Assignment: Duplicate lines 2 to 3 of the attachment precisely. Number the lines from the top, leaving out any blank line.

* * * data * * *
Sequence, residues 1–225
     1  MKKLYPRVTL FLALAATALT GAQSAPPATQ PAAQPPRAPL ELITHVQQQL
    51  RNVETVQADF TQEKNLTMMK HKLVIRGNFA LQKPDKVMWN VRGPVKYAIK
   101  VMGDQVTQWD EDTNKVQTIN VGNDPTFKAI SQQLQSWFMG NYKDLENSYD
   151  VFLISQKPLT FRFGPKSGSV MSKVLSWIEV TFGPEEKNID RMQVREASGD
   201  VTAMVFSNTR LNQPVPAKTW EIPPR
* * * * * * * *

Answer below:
     1  MKKLYPRVTL FLALAATALT GAQSAPPATQ PAAQPPRAPL ELITHVQQQL
    51  RNVETVQADF TQEKNLTMMK HKLVIRGNFA LQKPDKVMWN VRGPVKYAIK